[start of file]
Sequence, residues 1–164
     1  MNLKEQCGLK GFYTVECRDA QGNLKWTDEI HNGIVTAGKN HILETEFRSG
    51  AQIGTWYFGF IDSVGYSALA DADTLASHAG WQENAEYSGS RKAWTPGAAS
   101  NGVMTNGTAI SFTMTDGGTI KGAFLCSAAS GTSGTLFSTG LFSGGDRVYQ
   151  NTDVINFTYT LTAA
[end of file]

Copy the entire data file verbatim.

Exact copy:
Sequence, residues 1–164
     1  MNLKEQCGLK GFYTVECRDA QGNLKWTDEI HNGIVTAGKN HILETEFRSG
    51  AQIGTWYFGF IDSVGYSALA DADTLASHAG WQENAEYSGS RKAWTPGAAS
   101  NGVMTNGTAI SFTMTDGGTI KGAFLCSAAS GTSGTLFSTG LFSGGDRVYQ
   151  NTDVINFTYT LTAA